I am a jack of all trades; it has long been the biggest distraction in my life. I have a very curious mind and I’m fairly good at a lot of things. Some people like to label that a ‘generalist,’ because it sounds better.
The reality is that being ‘good’ at a lot of things means I have to be vigilant not to chase shiny new things all of the time. Spreading my focus too much distracts me from being successful.
In the past, when I was part of a team, I often volunteered to take on too much, or, things were handed to me because I had the skill to do them.
Social Media has exacerbated the number of pitfalls and distractions in my work life; being connected to so many people often opens too many doors. There are groups and causes that fascinate me, but in order to get anything done, I’ve had to learn how to say no, again and again, to people asking for help, to interesting blog posts and events… to lots and lots of things.
Anthony Iannarino wrote a stunningly accurate post about how these distractions add up to you simply working part time. I am blessed that I work from a home office and have very few distractions other than the ones I create for myself. The 15 open tabs syndrome is my greatest challenge to focus; social media, which is an arena I often work in, is a time and energy suck.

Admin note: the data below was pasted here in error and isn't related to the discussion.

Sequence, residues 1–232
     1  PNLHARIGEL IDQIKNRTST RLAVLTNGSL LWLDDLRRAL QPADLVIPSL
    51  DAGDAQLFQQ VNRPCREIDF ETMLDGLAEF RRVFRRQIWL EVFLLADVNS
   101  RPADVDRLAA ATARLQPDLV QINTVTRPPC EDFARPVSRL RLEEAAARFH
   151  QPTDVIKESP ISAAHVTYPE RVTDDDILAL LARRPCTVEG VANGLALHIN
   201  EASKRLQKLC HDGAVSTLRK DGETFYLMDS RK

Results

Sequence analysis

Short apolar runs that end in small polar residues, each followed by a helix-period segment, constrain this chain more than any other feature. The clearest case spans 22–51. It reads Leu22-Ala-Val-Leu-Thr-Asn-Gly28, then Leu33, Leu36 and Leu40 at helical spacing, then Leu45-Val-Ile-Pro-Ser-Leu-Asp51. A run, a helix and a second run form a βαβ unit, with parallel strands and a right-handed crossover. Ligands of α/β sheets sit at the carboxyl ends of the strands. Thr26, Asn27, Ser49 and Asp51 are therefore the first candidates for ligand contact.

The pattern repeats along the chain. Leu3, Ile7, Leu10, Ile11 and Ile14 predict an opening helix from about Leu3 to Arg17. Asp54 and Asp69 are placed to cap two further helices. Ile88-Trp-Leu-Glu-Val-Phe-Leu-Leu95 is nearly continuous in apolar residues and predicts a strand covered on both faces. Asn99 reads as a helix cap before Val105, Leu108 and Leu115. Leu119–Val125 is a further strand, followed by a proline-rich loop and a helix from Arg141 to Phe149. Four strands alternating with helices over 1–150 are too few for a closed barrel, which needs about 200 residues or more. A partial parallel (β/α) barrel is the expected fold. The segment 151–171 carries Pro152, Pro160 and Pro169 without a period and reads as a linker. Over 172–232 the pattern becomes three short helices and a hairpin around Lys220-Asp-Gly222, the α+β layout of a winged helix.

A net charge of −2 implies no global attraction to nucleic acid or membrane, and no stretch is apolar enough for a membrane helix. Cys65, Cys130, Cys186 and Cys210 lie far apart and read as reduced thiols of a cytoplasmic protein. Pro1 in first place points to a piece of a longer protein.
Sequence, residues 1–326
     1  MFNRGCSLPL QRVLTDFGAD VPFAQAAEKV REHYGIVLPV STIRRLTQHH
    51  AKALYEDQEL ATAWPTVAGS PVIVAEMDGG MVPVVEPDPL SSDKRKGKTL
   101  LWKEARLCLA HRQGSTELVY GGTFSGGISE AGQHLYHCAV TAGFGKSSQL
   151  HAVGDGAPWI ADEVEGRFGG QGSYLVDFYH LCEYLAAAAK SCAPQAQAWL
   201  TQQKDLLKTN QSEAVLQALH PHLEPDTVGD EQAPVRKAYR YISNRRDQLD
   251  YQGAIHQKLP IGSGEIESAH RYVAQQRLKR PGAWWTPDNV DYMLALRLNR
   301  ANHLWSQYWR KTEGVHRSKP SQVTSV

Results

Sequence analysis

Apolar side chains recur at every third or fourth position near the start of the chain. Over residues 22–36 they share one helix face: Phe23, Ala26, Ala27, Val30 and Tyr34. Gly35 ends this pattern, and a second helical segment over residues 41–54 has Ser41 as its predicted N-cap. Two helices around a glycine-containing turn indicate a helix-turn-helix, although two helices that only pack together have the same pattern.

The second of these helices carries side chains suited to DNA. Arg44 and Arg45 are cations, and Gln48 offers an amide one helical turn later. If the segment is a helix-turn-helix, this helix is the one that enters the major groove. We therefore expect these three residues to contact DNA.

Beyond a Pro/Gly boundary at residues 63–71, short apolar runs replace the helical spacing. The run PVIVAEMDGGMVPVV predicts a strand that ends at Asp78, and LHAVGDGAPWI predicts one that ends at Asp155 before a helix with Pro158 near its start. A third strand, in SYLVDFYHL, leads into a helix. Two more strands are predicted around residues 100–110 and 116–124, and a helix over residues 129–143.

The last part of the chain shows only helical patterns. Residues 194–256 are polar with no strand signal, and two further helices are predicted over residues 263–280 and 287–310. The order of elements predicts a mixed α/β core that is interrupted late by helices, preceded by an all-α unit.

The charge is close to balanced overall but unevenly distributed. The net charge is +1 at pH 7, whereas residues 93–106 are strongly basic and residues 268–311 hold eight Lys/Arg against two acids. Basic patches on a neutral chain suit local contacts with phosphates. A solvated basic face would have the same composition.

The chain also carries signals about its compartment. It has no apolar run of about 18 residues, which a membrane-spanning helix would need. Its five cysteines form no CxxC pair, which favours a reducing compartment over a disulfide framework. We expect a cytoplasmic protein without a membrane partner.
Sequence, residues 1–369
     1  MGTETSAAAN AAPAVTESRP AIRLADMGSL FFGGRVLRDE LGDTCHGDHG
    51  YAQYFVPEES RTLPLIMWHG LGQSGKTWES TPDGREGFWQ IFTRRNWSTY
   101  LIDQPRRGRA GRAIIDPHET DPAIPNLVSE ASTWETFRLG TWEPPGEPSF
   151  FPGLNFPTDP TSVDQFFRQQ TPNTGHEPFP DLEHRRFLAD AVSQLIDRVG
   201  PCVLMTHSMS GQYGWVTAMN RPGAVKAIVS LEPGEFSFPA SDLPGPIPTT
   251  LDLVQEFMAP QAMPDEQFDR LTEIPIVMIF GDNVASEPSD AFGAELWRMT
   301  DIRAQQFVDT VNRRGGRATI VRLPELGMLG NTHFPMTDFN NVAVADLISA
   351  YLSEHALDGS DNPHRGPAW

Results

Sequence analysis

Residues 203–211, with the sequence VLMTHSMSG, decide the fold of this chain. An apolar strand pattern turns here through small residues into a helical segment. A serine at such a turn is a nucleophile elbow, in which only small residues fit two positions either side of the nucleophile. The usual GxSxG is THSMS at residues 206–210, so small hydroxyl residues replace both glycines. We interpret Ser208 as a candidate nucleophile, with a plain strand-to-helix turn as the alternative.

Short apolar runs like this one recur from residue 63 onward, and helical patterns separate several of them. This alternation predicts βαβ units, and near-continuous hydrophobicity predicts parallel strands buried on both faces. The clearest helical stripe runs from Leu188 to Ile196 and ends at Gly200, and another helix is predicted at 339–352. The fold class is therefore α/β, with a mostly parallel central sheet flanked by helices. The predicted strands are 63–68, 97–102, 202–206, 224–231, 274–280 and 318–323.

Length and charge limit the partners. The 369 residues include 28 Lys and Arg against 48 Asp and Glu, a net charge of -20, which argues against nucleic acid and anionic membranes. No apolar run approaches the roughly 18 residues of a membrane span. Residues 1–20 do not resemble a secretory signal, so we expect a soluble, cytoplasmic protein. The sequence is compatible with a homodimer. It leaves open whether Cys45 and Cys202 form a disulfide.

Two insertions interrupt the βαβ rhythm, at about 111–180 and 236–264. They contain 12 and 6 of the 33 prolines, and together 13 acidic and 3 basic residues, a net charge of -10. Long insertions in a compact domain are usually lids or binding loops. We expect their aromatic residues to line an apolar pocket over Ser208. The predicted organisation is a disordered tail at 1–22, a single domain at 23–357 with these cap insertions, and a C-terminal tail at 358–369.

Really successful people are incredibly focused on what they are good at and where they are going. As my career shifted and became more focused on Content Creation, having quiet, targeted blocks of time became absolutely essential.
In order to become more focused, I had to admit to exactly how unfocused I was. I had to look at the many social media interactions I was allowing to seep into my work day and pull me away from creating.
Stepping away from the constant connectivity, learning to not look at messages and emails until I’m ready to, has been a challenge and it doesn’t happen overnight. I’ve had to wean myself from the distractions; I’ve gone so far as to create a calendar with hard times for when I’m able to look away from my work.
Learning to say no was one of the most career-changing abilities I added to my toolkit. It has transformed my business and given me freedom to choose the right clients since I’m no longer running around helping everyone who asked and taking every client who said “yes.” And as with many habits, the more I practice it, the easier it gets.
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